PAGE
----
But, in order to deliver on this promise, there is still important work to be done: First, we now have endless amounts of ESG data coming at us. How do investors make sense of it? And what mechanism do we have to integrate this data into our decision-making?
Converting the ESG signals into financial signals generally requires an additional step that isn’t currently being taken. For example, some ESG data companies now measure climate hazards for specific real-asset properties and then communicate a subjective level of hazard as color ratings (green, yellow, and red).
But what do these ratings really mean, and how does an investor make use of color-based signals in their decisions? How does “red” fit into a discounted cash flow statement used to value a real asset? It doesn’t. It requires another step. So, now that ESG is going mainstream, we need better methodological tools to understand the value of ESG data and translate it into financial metrics that investors understand.
In the case of real estate, we can already predict future damages from climate change or probabilities of climate-linked default, which can be included in investment decisions fairly easily. The world needs a lot more focus on this kind of “last mile” integration.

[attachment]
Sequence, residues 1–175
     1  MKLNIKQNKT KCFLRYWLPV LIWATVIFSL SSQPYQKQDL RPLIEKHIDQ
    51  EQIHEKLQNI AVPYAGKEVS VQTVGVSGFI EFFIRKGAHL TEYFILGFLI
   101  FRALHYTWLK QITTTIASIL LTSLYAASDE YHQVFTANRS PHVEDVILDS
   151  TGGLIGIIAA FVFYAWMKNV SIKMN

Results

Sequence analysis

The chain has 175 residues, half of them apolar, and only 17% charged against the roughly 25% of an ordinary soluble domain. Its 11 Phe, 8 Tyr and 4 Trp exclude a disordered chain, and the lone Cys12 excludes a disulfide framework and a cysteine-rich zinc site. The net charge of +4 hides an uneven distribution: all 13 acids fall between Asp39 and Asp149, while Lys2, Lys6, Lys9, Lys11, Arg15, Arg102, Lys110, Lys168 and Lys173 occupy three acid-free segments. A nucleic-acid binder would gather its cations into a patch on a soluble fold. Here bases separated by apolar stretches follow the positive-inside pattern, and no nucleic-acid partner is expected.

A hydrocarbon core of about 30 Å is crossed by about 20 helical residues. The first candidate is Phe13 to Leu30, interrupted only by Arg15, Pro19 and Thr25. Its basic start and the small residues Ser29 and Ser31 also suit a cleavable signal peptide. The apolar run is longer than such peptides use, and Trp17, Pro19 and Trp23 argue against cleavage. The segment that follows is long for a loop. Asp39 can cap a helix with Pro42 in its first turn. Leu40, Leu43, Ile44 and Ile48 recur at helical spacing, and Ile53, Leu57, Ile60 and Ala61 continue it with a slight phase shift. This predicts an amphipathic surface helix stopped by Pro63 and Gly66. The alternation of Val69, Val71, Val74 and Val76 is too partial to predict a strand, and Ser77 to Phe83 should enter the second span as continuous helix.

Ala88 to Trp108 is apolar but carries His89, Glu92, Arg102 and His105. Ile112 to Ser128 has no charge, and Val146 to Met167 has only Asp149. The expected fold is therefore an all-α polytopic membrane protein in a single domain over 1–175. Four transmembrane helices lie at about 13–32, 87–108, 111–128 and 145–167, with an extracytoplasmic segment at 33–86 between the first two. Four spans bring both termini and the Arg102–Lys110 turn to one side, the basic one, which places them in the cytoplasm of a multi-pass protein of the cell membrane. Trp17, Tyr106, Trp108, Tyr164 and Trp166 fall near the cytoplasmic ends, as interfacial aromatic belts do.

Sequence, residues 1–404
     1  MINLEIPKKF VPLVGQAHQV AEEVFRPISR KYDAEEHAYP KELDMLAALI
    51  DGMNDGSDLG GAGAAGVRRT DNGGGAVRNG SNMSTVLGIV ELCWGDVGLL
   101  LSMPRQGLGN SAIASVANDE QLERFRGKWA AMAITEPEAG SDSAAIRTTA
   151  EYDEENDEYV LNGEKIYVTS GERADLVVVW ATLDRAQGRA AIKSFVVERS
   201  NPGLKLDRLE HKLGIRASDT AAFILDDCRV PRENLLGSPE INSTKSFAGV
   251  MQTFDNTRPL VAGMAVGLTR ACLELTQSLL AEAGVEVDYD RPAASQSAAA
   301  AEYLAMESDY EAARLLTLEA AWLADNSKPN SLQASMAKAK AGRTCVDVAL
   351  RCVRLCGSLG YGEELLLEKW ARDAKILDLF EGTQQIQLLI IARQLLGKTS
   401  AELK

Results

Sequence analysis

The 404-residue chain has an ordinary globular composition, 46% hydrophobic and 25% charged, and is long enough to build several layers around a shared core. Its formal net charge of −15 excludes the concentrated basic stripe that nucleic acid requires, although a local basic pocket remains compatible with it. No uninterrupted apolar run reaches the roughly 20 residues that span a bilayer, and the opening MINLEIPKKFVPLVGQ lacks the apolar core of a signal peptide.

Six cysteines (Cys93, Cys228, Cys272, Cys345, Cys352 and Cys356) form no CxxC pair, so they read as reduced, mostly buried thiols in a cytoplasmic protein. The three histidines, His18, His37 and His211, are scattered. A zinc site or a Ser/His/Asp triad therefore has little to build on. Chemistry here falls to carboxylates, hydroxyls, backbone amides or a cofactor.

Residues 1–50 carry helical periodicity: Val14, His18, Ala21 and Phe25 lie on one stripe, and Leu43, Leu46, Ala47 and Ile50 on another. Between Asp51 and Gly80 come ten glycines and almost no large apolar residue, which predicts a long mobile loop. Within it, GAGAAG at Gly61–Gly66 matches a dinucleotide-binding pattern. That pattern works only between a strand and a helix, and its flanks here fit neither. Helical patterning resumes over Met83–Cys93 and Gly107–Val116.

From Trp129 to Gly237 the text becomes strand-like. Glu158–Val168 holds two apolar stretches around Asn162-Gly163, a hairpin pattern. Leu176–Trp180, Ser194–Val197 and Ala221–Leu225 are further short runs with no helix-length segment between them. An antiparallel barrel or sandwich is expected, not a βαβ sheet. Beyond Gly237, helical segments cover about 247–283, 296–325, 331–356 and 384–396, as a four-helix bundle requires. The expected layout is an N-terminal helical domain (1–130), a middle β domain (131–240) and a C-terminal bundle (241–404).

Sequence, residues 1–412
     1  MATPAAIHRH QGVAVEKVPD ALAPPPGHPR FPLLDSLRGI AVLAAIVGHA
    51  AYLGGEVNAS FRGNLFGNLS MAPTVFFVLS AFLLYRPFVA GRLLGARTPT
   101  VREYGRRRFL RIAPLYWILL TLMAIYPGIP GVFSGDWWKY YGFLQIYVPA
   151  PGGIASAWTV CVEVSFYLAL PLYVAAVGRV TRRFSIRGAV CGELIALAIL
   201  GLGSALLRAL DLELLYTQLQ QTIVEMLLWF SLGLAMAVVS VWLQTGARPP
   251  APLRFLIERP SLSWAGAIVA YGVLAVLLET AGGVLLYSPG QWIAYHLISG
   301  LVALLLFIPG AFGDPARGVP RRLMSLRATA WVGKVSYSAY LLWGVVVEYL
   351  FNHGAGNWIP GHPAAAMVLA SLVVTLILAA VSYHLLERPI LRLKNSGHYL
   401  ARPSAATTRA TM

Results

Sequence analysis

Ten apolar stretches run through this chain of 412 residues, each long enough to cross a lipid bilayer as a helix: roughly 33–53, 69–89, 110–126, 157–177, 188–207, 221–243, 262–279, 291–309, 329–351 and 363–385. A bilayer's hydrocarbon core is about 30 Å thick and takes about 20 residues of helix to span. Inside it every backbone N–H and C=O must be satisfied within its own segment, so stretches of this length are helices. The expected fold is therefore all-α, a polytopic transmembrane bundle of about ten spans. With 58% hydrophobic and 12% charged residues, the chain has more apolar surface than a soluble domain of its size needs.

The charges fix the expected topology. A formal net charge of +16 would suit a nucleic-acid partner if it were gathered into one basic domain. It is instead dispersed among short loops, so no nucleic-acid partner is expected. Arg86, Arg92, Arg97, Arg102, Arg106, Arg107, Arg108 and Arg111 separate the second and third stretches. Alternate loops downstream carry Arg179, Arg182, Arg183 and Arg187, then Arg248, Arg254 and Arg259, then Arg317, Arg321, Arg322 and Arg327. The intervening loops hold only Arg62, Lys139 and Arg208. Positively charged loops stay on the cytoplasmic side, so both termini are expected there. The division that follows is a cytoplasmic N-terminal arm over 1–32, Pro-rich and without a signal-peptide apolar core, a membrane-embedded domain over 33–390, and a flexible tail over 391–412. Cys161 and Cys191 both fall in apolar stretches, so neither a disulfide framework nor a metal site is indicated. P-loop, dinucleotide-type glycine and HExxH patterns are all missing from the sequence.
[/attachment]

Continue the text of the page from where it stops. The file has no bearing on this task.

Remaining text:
Second, ESG may help us identify the long-term risks of an asset, but the interpretation of those risks depends entirely on the characteristics and preferences of the investor. In other words, there is no one-size-fits-all approach to ESG integration.
The pension fund using labor unrest data may be trying to identify companies that take a long-term view on employees and stakeholders, while a short-term trader might use that same data to signal cost-cutting and quarterly outperformance.
We need better tools to tailor ESG signals to investors’ needs. Today, most investors attempt ESG integration inside error-prone and “flat” spreadsheets that are not benefitting from contextual data that can augment the quality of insights. As Dane Rook and I argue in our recent book, The Technologized Investor, projecting ESG risks more accurately necessitates new technological tools that move us beyond the spreadsheet.
Now is the moment
We are on the verge of transforming the underpinnings of capitalism. Now that abnormal factors have come to the forefront, fiduciary-duty demands that investors bring the management of these abnormal risks into their normal course of business.
This is where ESG comes in.
But to do this well, it will take a generation of founders and startups to focus on two things: building new last-mile ESG integration methodologies so long-term investors can be rigorous in their understanding of these risks; and developing new data and analytics tools to project portfolios into the future and allow investors to model and understand ESG outcomes.
If we do both of these things well, we can redirect trillions of dollars to solutions for climate change, encourage sustainable development, eliminate wealth inequality, and so on.
Now is the moment. Never let a disastrous year go to waste.
Ashby Monk is the executive and research director of the Stanford Global Projects Center, and author of The Technologized Investor.